The newer infrastructure of Battery Park was exposed as a major asset after the floods of Hurricane Sandy. While all of Downtown lost power for weeks, including buildings across the street in the Financial District, BPC never lost power. Moreover, the flood waters did not damage many buildings. BPC was the humanitarian host for thousands of electronic refugees from Tribeca and The Financial District who needed power for their smartphones and laptops.
In 2012, BatteryPark.TV led the way in solving many problems of BPC that had festered for decades. The noisy, air polluting, NY Waterway ferry boats have now replaced the diesel engines in four boats after our reporting alerted state officials at NYSERDA. Others will be replaced for a total of nine boats. BP.TV initiated the installation of traffic lights on North End Avenue and Murray streets, and similar traffic measures are in the works for West Thames and South End Avenue.
The patch of sidewalk by the Gateway Plaza entrance that was an open dog sewer has been cleaned up after BP.TV reporting took on the dog mafia and won. Gateway Plaza and local businesses on South End will also be contributing to power washings.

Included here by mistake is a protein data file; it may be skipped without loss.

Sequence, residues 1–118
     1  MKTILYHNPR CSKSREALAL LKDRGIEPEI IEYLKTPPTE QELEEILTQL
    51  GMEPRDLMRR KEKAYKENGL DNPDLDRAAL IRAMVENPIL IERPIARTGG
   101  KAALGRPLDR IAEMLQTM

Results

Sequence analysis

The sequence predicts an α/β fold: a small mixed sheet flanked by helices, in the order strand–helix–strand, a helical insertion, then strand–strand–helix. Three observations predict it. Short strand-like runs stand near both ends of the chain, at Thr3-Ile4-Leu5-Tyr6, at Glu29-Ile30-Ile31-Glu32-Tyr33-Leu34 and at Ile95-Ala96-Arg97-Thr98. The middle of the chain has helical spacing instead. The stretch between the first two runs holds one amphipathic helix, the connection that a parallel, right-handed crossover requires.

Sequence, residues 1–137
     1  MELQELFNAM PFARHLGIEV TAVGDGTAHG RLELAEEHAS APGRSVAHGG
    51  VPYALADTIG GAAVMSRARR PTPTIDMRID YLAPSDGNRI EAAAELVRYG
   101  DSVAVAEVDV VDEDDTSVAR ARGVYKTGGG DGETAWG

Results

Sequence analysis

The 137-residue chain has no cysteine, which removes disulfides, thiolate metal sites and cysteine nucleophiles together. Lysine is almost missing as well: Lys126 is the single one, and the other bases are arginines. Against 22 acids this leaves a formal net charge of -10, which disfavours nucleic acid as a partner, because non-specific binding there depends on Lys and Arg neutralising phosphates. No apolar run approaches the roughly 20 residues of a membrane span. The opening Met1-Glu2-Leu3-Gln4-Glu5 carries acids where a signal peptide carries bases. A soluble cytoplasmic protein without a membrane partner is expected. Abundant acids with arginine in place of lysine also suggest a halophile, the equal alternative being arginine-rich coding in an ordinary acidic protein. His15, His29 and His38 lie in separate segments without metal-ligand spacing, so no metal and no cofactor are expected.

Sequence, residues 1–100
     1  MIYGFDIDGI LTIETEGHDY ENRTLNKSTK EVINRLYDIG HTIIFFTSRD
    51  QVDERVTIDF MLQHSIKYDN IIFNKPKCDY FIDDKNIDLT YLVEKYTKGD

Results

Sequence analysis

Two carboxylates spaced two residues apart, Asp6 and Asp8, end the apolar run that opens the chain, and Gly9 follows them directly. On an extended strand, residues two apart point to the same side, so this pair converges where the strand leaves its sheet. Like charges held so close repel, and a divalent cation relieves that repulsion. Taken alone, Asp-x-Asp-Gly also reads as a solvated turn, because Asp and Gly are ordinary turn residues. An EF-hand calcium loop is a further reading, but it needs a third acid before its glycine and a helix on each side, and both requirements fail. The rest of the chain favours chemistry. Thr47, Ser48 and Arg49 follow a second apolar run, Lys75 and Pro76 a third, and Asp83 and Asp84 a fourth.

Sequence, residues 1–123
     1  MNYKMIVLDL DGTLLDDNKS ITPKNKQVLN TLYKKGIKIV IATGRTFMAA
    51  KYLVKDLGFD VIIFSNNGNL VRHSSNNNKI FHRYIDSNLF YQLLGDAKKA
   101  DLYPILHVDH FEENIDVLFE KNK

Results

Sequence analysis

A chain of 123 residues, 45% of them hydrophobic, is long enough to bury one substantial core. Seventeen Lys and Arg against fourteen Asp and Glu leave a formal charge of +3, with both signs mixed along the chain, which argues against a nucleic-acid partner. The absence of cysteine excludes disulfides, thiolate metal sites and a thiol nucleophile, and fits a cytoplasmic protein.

Tour buses and livery cabs rarely are seen illegally parked now as a direct result of BP.TV’s video reports of the problem, which led to the TLC and local businesses cooperating. The DOT now encourages residents to send photographs of violating buses.
The unsightly fruit shacks that had formed small shanty towns on South End and North End Avenues were removed, after BP.TV reporting.
The West Thames grass field and drainage problem are being addressed. The artificial turf ballfields, damaged after the flood, are now being replaced months faster, after BP.TV reported that lengthy RFP’s were not required. (Numerous politicians are claiming credit for that, but it all started with BP.TV.)